From The Cabinet of Irish Literature, Volume 2, edited by Charles A. Read
[Generally said to be anonymous, though there is good reason to believe Edward Lysaght to be the author, not only from the period of its circulation, but from the sly wit and humorous turn of the catastrophe, resembling more closely in style the productions of pleasant rollicking Ned Lysaght than those of any of his contemporaries].
As beautiful Kitty one
morning was tripping
With a pitcher of milk from the fair of Coleraine,
When she saw me she stumbled, the pitcher down tumbled,
And all the sweet butter-milk watered the plain.
Oh! what shall I do now? 'twas looking at you, now;
Sure, sure, such a pitcher I'll ne'er meet again;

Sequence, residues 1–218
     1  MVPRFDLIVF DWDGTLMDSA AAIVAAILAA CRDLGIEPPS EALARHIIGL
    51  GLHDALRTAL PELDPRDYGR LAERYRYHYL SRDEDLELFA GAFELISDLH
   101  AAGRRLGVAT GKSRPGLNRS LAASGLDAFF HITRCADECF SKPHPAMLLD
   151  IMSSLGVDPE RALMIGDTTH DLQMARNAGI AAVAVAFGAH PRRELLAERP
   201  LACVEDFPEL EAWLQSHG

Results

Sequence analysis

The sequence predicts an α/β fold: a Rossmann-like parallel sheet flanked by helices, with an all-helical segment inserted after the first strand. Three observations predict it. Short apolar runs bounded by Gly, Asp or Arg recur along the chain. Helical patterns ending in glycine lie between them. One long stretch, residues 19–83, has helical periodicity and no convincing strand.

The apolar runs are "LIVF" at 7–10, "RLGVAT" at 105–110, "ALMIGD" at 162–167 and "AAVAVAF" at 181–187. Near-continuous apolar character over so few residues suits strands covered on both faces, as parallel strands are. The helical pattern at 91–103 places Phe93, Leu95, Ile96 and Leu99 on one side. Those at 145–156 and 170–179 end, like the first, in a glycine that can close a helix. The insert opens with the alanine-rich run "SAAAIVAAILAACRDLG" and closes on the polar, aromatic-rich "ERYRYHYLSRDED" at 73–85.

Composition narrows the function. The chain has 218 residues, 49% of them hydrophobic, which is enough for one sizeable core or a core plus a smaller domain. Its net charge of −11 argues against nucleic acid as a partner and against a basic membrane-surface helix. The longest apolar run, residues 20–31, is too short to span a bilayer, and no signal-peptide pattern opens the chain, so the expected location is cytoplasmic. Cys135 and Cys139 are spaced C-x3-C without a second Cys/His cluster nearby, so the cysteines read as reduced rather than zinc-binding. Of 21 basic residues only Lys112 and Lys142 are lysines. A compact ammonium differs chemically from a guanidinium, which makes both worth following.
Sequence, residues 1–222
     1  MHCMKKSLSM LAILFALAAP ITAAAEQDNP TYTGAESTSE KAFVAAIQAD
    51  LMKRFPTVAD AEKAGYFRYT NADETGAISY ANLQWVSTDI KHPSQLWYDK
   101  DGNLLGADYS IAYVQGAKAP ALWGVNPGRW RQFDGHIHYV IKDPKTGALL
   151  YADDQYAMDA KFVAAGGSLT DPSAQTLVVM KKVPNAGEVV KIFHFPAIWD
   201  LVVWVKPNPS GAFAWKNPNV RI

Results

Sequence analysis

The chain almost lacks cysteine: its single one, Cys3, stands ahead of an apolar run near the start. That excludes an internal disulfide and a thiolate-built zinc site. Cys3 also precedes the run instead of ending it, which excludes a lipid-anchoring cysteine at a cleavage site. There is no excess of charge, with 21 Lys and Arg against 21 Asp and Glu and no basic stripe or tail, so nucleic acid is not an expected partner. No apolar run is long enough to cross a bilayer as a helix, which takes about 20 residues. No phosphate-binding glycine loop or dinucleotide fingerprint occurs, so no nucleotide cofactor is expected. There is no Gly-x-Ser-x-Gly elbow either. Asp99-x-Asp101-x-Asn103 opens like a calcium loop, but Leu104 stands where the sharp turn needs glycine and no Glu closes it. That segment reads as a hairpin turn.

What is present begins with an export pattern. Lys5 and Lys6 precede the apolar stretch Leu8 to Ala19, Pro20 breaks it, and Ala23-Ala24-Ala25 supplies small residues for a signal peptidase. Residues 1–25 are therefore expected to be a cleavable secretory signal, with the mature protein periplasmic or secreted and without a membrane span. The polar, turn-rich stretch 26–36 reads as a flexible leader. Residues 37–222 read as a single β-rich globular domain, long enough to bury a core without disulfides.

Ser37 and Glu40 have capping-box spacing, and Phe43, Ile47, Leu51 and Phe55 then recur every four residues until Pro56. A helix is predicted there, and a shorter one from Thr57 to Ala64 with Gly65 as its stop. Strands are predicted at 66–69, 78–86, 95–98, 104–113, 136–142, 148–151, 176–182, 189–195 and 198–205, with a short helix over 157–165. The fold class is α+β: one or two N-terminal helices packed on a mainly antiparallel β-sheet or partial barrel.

'Twas the pride of my dairy! O Barney M'Cleary,
You're sent as a plague to the girls of Coleraine!
I sat down beside her, and
gently did chide her,
That such a misfortune should give her such pain;
A kiss then I gave her, and, ere I did leave her,
She vowed for such pleasure she'd break it again.
'Twas hay-making season--I can't tell the reason--
Misfortunes will never come single, 'tis plain;
For very soon after poor Kitty's disaster
The devil a pitcher was whole in Coleraine.
The Sprig of Shillelah
Thy Spirit is from Bondage Free
To Henry Grattan
Kate of Garnavilla